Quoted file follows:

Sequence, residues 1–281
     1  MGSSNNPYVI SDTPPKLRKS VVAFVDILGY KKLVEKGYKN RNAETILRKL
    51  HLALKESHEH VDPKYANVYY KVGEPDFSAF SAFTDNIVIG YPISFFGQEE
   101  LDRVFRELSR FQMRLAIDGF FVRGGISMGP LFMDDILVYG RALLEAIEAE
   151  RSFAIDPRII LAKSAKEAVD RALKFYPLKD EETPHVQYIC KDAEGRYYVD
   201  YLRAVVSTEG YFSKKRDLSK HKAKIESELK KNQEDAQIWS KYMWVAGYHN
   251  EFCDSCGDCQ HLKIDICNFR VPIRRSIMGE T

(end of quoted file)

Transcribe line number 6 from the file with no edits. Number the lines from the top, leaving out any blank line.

   201  YLRAVVSTEG YFSKKRDLSK HKAKIESELK KNQEDAQIWS KYMWVAGYHN